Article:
Road Rage Rant

She came out of nowhere. A streak of red just entered my peripheral vision. The truck she drove was hurtling down the highway and pushing me out of my lane. I slammed on the brakes to avoid the impending collision. They say the frontal cortex goes dark when you are angry.

This woman, so unconcerned with the safety of others or herself, so inconsiderate that she cannot even bother to use her blinker as she cuts me off. I found myself so angry by what I feel like she did to me. How she disrespected me, how she put me and my daughter in harms way, my mind raced and the anger grew and the brain darkened. The next thing I know I was screaming through the windshield as if she could hear me. I cursed her name and shook my fist in her direction.

I was enraged, my heart was pounding, my palms were sweating, I could feel my skin getting hot so I know my face was bright red. In my fit of anger I broke the windshield. It was already cracked and needed to be replaced, but the thing is it was the windshield splintering into that crazy spiderweb that snapped me out of it. I saw damage from my actions and it was like a flip of a switch, I was coming down from my rage binge. Anger is my worst nemesis, I struggle to control it daily.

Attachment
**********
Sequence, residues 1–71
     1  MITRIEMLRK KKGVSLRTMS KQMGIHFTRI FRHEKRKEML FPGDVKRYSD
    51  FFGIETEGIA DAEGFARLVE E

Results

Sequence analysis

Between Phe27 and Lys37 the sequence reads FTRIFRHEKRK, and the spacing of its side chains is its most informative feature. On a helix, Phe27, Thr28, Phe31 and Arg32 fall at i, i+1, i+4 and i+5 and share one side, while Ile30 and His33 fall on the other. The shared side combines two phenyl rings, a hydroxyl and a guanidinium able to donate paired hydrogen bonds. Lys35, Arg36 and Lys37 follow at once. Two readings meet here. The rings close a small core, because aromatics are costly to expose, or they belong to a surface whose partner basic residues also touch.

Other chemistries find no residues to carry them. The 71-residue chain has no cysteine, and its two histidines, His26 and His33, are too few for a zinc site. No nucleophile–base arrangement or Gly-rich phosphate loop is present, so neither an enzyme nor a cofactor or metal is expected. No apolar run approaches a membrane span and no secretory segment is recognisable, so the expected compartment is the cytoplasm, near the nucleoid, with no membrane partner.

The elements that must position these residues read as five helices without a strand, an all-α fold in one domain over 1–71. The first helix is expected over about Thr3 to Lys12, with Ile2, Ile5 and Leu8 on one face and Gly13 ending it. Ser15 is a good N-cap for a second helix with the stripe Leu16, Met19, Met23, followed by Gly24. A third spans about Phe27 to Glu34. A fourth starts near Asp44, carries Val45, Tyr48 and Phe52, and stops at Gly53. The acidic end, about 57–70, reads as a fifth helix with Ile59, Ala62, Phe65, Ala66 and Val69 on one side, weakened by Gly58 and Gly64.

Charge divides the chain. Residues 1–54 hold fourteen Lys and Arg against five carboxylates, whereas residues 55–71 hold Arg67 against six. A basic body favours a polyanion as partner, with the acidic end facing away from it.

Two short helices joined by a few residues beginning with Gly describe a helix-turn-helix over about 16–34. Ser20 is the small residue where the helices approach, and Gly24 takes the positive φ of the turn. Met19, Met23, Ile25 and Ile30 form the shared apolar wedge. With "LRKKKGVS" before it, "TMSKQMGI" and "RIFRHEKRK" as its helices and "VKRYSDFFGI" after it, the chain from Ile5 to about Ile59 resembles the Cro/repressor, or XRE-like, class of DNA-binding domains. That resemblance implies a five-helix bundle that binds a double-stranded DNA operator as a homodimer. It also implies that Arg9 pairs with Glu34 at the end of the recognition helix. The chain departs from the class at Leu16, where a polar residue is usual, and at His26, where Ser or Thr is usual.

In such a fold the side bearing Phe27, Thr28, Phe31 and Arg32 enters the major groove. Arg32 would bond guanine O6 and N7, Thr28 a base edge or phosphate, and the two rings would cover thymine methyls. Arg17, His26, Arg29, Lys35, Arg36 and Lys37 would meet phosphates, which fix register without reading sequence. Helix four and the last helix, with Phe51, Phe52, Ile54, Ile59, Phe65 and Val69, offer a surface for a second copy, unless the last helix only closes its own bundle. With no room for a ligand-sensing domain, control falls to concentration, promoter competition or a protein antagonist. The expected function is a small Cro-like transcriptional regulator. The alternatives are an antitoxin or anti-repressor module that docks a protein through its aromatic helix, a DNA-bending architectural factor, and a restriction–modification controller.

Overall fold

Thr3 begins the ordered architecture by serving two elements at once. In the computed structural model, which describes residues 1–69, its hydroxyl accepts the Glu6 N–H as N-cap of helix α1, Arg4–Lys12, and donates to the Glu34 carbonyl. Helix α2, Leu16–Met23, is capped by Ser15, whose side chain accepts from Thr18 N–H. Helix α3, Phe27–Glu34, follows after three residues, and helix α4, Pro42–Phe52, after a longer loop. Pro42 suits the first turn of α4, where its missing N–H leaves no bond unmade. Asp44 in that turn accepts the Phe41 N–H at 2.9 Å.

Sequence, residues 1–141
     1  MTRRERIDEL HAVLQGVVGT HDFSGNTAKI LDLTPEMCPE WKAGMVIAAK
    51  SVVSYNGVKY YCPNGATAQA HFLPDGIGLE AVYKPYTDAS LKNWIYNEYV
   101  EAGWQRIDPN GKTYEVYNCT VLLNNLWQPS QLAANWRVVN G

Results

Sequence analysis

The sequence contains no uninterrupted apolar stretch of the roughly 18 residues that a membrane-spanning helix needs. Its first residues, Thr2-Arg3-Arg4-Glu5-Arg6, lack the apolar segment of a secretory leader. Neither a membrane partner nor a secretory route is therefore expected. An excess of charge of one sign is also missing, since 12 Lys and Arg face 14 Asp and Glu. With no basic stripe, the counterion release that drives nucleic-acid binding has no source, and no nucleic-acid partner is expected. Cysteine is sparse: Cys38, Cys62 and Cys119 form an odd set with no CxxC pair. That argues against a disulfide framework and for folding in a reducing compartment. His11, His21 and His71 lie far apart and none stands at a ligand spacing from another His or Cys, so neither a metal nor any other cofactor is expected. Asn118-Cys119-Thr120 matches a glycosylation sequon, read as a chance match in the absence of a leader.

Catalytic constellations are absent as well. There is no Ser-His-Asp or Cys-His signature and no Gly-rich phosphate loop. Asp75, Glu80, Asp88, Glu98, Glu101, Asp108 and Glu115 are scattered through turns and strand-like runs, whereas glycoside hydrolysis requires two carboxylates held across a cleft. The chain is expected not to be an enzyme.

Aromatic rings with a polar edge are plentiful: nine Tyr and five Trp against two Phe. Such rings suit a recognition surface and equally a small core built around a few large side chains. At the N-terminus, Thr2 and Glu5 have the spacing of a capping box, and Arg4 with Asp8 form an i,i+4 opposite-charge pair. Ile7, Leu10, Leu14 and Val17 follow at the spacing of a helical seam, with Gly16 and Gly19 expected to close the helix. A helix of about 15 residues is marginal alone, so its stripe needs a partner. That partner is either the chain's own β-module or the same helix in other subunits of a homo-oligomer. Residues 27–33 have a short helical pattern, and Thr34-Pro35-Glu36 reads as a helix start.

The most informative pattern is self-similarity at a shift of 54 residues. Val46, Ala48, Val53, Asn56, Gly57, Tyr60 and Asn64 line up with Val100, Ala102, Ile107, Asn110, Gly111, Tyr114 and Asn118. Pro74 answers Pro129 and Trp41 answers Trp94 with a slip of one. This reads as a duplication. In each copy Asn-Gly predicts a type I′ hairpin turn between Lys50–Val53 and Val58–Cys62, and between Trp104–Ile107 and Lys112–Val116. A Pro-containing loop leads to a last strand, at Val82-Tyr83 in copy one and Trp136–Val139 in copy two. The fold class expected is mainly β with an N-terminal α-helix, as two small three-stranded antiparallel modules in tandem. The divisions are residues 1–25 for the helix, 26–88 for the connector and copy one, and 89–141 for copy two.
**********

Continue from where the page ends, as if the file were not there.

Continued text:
Today I bought my daughter a kids meal from KFC, it comes with a Capri Sun to drink. Have you ever tried to put a Capri sun straw in with greasy fingers? Even the little things set me off. I know that’s what napkins are for, or maybe I should put the straw in for her before I start eating. That’s not how anger works though. It’s a knee jerk reaction.